Travel Budget Cambodia: Crunching Numbers

Tiny snails for sale. Travel budget Cambodia

Travel Budget Cambodia

Cambodia’s recent history gives plenty of cause for sadness, but its people’s smiles are our dearest memory of this beautiful country. This travel budget Cambodia is a breakdown of our expenses while visiting in November, 2011. Overall, it is less skewed than some of our others because we did not redeem any points for flights or hotels during our time here. We traveled by boat, bicycle, tuk tuk, van and bus, and were able to get  to a few less-visited spots. There are still many left to explore on a future visit.  Posts on Cambodia can be viewed HERE. Our photo gallery from Cambodia is HERE.

Notes that Affect the Numbers


We arrived via an Air Asia flight from Kuala Lumpur, great place to use as a hub in SE Asia.  We took a few intercity buses, these are fairly comfortable and should cost between $7 and $9 per person.  The most expensive transportation option we chose was the boat from Siem Reap across the Tonle Sap to Battambang.  At $40 for both of us, this was worth every penny.  Seeing the floating villages and the amazing lifestyle of the people who live on the lake was definitely a highlight.


The bulk of our expenditure was for the Angkor Archeological Park Pass.  We opted for the 7 entry pass for $60 each.  This allows you to enter the park 7 times within a 30 day period.  The one day pass was $20 and the 3 day was $40.  We felt like we would spend more than three days exploring the temple complex as well as some additional sites 15-20 miles from the main complex.


Fresh, cheap and local Cambodian cuisine is available everywhere. There are some more upscale, tourist-oriented places, especially in Siem Reap, but street food and small, local shops are even better. Some of our favorites were the popular Fish Amok, some coconut-based curries (not as spicy as the average Thai curry), and pretty much any dish with Holy Basil in the title. $.25 draft beers at happy hour were also a popular choice.  We did have one food splurge in Phnom Penh, by eating at The Friends Restaurant.  It is part of the Mith Samlanh project (a program of Friends International) that helps benefits Cambodian street children and their families, more money well spent.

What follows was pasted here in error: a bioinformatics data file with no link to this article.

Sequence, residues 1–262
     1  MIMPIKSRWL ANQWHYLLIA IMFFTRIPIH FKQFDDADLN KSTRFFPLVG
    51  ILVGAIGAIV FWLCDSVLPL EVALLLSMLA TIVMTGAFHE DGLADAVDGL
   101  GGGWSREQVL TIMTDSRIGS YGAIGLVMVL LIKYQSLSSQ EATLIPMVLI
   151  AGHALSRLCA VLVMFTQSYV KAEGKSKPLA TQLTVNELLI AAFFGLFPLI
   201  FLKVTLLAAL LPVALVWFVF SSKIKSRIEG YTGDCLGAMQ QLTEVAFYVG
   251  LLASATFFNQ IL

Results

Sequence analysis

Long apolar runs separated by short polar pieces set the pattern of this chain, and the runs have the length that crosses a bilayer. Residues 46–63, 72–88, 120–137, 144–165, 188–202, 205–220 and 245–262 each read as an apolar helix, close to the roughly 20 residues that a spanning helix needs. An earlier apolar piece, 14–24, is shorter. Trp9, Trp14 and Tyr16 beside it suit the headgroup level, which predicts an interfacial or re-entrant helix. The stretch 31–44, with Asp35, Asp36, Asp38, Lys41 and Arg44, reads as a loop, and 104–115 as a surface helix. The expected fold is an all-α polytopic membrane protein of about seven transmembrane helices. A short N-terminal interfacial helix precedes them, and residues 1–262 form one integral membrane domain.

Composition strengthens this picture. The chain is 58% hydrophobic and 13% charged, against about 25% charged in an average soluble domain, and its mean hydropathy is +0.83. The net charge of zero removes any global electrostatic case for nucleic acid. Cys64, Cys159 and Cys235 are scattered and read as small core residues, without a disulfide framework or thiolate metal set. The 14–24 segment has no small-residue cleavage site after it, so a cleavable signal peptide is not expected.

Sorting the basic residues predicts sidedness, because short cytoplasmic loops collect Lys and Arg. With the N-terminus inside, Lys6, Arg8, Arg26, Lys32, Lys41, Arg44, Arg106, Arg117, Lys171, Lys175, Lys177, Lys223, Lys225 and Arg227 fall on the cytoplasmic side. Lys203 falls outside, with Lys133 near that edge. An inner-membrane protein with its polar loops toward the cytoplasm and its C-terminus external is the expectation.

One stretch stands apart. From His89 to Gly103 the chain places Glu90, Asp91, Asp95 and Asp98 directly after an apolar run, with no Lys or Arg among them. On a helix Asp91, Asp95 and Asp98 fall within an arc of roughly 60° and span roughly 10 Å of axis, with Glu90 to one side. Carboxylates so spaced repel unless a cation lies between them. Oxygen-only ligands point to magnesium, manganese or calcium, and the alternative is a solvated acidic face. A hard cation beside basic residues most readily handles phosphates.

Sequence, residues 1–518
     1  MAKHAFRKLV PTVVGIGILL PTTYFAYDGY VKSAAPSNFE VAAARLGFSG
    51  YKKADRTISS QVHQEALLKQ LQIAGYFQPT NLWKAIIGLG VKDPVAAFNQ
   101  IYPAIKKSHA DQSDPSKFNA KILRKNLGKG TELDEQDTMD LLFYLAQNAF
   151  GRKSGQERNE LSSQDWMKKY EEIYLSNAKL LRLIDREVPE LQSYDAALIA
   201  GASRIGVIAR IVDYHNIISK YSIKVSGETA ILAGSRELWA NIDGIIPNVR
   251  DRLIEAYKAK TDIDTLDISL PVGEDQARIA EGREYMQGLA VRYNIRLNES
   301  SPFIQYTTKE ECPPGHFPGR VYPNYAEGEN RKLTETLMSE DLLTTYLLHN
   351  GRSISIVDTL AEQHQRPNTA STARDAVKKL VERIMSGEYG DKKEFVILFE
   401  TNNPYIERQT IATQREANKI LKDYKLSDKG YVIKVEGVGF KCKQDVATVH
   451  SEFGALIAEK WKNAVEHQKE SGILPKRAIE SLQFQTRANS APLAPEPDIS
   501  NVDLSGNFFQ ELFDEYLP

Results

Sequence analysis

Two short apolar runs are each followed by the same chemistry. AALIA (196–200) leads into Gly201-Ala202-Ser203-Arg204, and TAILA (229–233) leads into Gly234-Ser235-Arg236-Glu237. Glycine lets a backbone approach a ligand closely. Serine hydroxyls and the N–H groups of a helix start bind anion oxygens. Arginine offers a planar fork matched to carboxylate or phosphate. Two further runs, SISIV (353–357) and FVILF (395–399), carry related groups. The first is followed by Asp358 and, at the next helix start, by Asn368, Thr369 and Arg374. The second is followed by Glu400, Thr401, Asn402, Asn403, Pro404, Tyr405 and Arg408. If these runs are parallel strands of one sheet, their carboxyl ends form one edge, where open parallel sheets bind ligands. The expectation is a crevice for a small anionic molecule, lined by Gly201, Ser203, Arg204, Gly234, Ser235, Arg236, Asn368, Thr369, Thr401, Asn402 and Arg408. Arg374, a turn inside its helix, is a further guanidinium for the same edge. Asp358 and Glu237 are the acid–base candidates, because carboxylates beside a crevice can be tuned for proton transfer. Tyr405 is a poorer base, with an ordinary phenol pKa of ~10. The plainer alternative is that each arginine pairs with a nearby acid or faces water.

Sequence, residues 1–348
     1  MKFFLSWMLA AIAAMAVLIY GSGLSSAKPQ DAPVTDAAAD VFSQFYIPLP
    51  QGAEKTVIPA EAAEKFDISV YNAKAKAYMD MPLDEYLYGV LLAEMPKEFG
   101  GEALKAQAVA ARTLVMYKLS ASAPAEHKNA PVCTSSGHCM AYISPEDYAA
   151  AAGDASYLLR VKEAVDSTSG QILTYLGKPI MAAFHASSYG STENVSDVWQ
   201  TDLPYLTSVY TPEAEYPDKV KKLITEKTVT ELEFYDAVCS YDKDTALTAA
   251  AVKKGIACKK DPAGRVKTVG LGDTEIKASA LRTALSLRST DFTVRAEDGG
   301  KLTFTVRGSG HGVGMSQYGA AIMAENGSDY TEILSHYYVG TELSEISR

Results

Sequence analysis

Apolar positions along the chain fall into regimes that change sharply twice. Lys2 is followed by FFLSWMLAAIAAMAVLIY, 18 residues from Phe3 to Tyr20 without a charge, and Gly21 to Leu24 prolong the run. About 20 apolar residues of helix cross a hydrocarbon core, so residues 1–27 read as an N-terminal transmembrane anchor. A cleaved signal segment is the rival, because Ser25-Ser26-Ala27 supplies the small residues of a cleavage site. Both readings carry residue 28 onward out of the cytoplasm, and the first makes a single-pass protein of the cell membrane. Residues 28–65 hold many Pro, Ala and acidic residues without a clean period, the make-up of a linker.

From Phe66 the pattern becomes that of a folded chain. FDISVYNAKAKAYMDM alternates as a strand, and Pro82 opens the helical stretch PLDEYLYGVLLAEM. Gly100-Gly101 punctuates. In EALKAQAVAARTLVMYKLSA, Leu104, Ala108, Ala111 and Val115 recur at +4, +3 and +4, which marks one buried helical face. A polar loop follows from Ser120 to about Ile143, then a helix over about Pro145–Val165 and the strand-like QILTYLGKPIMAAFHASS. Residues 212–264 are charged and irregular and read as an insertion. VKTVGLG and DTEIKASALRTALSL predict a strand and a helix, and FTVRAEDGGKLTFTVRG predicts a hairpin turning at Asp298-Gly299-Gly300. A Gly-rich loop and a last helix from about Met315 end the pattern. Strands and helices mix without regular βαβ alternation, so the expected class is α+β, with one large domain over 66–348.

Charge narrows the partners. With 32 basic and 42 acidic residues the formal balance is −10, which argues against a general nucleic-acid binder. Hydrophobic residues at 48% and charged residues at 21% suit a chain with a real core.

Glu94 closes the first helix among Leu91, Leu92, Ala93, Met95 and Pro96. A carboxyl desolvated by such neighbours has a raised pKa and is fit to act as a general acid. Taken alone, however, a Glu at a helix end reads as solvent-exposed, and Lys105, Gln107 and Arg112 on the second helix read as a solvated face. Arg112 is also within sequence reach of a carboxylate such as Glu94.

With a little bargaining and sweat (walking with your backpack) you can really find some great guesthouse options at backpacker budget prices.  We averaged $12 a night for our time in Cambodia and that is for a double ensuite room.  That being said, we always tried to remember that when dealing with a family owned guesthouse, the difference of $1 a night made a lot bigger impact on the local economy than on our wallet, so as long as a fair price was offered to begin with, we tended to haggle less than other places.


The “Health” pie slice in the chart above comes from a bad case of the flu/virus/food poisoning T went through requiring several visits to the clinic, shots, a malaria blood test and an overnight IV bag brought back to the hotel and changed by Donny overnight! NOT a fun experience, but considering we were each sick only once during almost a year in Asia/SEA, we feel like we did pretty well.

About the author

Tamara and Donny have wandered together since 2004, with no cure for their insatiable wanderlust. They write about discovering new destinations including beautiful photography, plus budget travel tips and how to give back through travel.